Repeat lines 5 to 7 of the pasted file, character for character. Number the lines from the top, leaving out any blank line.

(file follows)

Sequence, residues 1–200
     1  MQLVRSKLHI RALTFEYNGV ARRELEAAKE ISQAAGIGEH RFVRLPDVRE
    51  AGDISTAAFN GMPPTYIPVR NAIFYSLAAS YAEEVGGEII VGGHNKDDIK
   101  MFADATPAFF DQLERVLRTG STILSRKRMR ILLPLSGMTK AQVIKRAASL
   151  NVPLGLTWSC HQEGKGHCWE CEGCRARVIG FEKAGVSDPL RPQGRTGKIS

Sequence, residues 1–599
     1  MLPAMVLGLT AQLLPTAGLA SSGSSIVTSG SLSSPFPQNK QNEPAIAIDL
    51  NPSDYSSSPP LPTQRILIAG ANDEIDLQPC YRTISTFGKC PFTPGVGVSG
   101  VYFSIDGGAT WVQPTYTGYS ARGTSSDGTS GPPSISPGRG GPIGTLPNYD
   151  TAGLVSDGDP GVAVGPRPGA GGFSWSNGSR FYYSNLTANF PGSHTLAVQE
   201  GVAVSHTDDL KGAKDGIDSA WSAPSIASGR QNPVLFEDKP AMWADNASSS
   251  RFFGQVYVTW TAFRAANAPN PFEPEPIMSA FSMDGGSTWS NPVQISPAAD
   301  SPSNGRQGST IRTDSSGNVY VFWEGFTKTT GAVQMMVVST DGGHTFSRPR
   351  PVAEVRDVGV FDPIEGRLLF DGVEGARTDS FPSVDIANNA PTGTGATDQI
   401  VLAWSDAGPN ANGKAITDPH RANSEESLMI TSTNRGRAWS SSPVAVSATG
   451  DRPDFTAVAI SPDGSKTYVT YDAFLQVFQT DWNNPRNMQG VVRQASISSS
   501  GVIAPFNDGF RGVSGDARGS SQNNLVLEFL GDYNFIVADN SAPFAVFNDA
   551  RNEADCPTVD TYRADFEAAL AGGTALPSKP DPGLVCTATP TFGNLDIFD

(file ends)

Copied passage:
   151  NVPLGLTWSC HQEGKGHCWE CEGCRARVIG FEKAGVSDPL RPQGRTGKIS

Sequence, residues 1–599
     1  MLPAMVLGLT AQLLPTAGLA SSGSSIVTSG SLSSPFPQNK QNEPAIAIDL